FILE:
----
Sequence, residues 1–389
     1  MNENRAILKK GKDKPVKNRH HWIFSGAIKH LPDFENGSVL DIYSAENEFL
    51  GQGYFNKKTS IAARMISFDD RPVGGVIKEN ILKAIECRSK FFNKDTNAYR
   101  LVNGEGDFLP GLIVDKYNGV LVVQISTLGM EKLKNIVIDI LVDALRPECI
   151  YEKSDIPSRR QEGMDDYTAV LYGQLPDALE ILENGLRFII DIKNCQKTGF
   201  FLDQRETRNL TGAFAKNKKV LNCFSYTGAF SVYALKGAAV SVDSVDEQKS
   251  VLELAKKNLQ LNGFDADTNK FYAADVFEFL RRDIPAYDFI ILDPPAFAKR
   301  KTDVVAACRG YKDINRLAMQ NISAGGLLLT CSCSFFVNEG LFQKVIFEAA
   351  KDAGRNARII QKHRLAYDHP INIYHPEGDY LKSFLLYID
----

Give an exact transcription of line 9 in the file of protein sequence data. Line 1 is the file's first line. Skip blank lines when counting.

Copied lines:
   351  KDAGRNARII QKHRLAYDHP INIYHPEGDY LKSFLLYID